COWBOYS AND ALIENS
2011, Universal, USA, Dir: Jon Favreau

Based on Scott Mitchell Rosenberg's graphic novel of the same title, director Jon Favreau (IRON MAN, IRON MAN 2) brings the space-invaded Wild West to life with UFO-swooping, pistol-slinging excitement. Daniel Craig stars as Jake Lonergan, a stranger who stumbles into the grim, fear-governed desert town of Absolution, only to discover that no residents make a move without the permission of hard-as-nails Colonel Dolarhyde (played by the iconic Harrison Ford, making a welcome return to the summer blockbuster arena). When Absolution is attacked by terrifying, otherworldly marauders from the sky, Jake and the Colonel, along with a small band of cowboys, become the city's only hope for survival against the lethal alien visitors. With Olivia Wilde, Sam Rockwell and Keith Carradine.


LITTLE SHOP OF HORRORS
1986, Warner Bros., 94 min, USA, Dir: Frank Oz

Director Frank Oz’s delightful adaptation of the Off-Broadway musical spawned by Roger Corman’s legendary low-budget horror comedy stars Rick Moranis as Seymour Krelborn, a lowly assistant working in a New York flower shop. Following an eclipse, he finds a particularly unusual plant and discovers that it feeds on human flesh - in fact, its hunger for it is insatiable. The flower shop booms as its carnivorous star attraction grows, and Seymour is willing to look the other way when it gobbles up a couple of not-so-nice people. But when “Audrey II” sets its sights on the co-worker he’s in love with (Ellen Greene), it’s time for Seymour to weed out this mean green mother from outer space. With Steve Martin as a sadistic dentist and Bill Murray as his masochistic patient.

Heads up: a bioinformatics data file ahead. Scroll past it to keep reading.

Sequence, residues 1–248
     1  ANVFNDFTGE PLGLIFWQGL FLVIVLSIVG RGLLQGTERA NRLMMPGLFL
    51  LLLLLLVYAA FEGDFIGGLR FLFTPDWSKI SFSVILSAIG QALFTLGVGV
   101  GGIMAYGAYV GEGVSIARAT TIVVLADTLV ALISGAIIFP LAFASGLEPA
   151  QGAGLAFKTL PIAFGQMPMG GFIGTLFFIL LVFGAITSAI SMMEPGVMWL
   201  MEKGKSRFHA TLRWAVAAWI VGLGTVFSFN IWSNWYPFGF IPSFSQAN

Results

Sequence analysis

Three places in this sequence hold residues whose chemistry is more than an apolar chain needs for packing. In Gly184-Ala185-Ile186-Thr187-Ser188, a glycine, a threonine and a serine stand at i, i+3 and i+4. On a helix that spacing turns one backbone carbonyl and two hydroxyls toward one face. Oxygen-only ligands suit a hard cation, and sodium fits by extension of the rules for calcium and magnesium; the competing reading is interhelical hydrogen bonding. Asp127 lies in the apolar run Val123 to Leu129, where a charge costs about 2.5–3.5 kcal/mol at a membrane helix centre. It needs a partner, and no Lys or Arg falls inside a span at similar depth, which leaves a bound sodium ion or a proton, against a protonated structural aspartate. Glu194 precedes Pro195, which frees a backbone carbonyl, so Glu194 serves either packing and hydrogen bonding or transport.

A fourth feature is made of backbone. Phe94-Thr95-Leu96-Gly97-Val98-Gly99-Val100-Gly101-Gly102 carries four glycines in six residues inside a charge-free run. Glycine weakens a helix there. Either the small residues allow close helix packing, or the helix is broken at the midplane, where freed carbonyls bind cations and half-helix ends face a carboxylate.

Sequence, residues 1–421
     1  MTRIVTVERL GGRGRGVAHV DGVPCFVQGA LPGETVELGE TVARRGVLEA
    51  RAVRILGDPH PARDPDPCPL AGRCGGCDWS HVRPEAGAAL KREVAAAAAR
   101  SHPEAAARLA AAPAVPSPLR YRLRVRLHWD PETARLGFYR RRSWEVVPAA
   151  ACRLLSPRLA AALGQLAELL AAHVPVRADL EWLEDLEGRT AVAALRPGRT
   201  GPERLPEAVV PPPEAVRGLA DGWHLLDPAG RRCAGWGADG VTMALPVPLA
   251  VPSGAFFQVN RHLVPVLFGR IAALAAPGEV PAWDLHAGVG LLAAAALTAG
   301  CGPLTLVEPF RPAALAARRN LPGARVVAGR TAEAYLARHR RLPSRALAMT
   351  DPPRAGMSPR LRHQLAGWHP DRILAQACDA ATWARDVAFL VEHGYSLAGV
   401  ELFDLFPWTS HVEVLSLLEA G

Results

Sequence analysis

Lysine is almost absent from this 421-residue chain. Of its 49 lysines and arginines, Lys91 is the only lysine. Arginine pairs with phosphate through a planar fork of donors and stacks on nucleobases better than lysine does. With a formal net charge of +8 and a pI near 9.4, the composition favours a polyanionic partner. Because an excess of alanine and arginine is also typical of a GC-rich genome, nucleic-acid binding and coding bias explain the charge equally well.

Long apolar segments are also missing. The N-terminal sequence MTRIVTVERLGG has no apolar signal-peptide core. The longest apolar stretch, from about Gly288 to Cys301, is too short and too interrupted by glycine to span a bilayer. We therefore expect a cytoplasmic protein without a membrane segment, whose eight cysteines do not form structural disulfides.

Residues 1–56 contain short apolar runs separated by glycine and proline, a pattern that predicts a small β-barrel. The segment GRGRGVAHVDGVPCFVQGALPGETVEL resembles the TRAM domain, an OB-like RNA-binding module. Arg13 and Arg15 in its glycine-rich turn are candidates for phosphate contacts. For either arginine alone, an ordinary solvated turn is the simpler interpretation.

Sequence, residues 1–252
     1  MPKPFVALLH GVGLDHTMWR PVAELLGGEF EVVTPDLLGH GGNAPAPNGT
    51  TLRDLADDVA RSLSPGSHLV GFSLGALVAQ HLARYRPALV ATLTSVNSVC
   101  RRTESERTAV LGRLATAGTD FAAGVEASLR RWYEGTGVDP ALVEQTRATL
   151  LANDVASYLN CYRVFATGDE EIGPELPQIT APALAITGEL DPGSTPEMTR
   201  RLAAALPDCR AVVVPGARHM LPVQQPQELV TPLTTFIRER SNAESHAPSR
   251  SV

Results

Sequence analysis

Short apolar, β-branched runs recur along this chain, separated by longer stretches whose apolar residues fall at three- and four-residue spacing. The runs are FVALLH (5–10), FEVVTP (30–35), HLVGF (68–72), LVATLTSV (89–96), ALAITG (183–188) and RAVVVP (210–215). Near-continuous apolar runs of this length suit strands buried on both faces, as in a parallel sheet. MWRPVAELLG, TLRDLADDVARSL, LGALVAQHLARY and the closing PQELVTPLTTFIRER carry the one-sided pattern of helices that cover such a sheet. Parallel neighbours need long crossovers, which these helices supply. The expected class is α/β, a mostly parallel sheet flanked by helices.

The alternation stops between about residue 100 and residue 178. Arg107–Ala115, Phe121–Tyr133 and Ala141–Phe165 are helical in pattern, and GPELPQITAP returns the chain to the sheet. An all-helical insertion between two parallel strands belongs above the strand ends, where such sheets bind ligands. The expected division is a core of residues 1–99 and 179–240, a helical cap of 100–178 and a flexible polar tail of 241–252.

THE THING
1982, Universal, 109 min, USA, Dir: John Carpenter

Director John Carpenter took the 1951 sci-fi classic THE THING FROM ANOTHER WORLD, produced by Howard Hawks, and turned it into something darker, fiercer and altogether more disturbing, pitting sombrero-wearing helicopter pilot Kurt Russell and a crew of Arctic scientists (Wilford Brimley, Donald Moffat, Richard Dysart) against a ravenous, shape-shifting alien being. From the haunting opening shots of a sled dog fleeing across the snow, to the apocalyptic, fire-and-ice ending, this ranks with Ridley Scott’s ALIEN as one of the finest (and most beautifully crafted) sci-fi films of the past 30 years. The film was terribly underrated by critics on its initial release, but its stock has constantly risen in the ensuing decades as one of the most intelligent, scary and uncompromising horror films of the 1980s. Also starring Keith David and David Clennon.


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